Of fascism and functional programming

There’s been a fuss in some circles about the fact that Curtis Yarvin was uninvited from a tech conference after the organizers learned of his political views, which he publishes under the pen name “Mencius Moldbug”. I don’t particularly want to discuss his political views or whether he should be invited to speak at conferences; rather, I want to point out something I haven’t seen anyone else point out. But before I get to that, I feel like I should provide a little background for those who have been lucky enough not to encounter the “Moldbug” oeuvre.

Unsure about net neutrality?

Apparently there are still a few people unclear on whether net neutrality is a good thing for innovation and freedom of speech. Let me clear that up by looking at who’s on each side, excluding political mouthpieces. Netflix, Google, Microsoft, Kickstarter, Reddit, Vonage, Amazon, Yahoo, eBay, Dish Network, Etsy, Facebook, Tumblr, Dropbox, Automattic (of WordPress fame), BitTorrent, Mozilla, and Level 3 (probably the biggest Internet backbone interconnect company) were all in favor of net neutrality.

Reflections on Everybody Draw Mohammed Day

It’s Everybody Draw Mohammed Day, and as the festivities continue, predictably there are lots of well-meaning people saying that we should all put our pens and pencils down and not offend all those awfully nice Muslim folks. An article at Huffington Post suggests that Muslims are being singled out, and that black religious extremists would never be ridiculed. I’m pretty sure I’ve seen the Black Panthers parodied in numerous movies. Maybe Everybody Draw Mohammed Day makes peaceful Muslims angry, but we wouldn’t have the day if it wasn’t for the non-peaceful Muslims, so maybe it would be more productive to focus anger on the cause of the issue, rather than the reaction to it.

Horses and stable doors

I hear that Eli Lilly are attempting to censor the Internet. Their target is an archive called “ZyprexaKills”, a tar file compressed with gzip containing leaked internal Eli Lilly documents relating to their antipsychotic drug Zyprexa. As well as going after people who provide the file for download, Eli Lilly have been filing DMCA complaints against people who link to sites that have the file for download, or merely provide instructions on how to find it.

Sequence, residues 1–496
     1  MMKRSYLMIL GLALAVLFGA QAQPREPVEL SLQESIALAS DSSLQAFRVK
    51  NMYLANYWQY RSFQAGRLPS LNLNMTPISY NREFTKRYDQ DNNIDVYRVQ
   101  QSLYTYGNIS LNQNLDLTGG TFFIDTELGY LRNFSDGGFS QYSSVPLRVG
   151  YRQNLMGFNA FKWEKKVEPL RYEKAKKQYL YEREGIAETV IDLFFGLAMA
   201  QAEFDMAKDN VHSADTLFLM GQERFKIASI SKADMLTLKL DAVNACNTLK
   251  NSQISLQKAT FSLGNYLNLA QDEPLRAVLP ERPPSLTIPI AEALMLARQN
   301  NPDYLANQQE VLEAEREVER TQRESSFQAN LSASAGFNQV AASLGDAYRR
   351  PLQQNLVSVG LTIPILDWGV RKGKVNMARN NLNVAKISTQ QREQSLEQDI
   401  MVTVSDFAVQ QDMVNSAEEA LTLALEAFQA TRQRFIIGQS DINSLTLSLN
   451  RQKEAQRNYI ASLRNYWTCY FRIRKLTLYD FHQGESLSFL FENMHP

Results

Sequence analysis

See ’em while you can

Want to see the cartoons of the Prophet Mohammed that are causing controversy? They’re on the web. Also here. Personally, I don’t think they’re very good, except the second one, but that’s not really the point.

Political correctness strikes again

CBS are refusing to run the winning ad from MoveOn.org, supposedly on the grounds that they don’t allow political advertising regarding controversial issues during the Superbowl. However, a look at the list of advertisers confirms that one ad will be from the White House Office of National Drug Control Policy. So, no controversial political issues there. Remember this next time someone posts bullshit about the “liberal media”.

Censorship roundup

#1: The SF Chronicle has suspended Henry Norr because he was arrested at a peace protest. He told them beforehand that he would likely be arrested and consequently would need to take a day off, as a personal day or sick day or vacation day. (Note that Henry Norr is a technology columnist, and his weekly column, delivered ahead of deadline, did not mention the war in any way.) #2: The Yellow Times web site has been shut down by its ISP for publishing photos of Iraqi war casualties.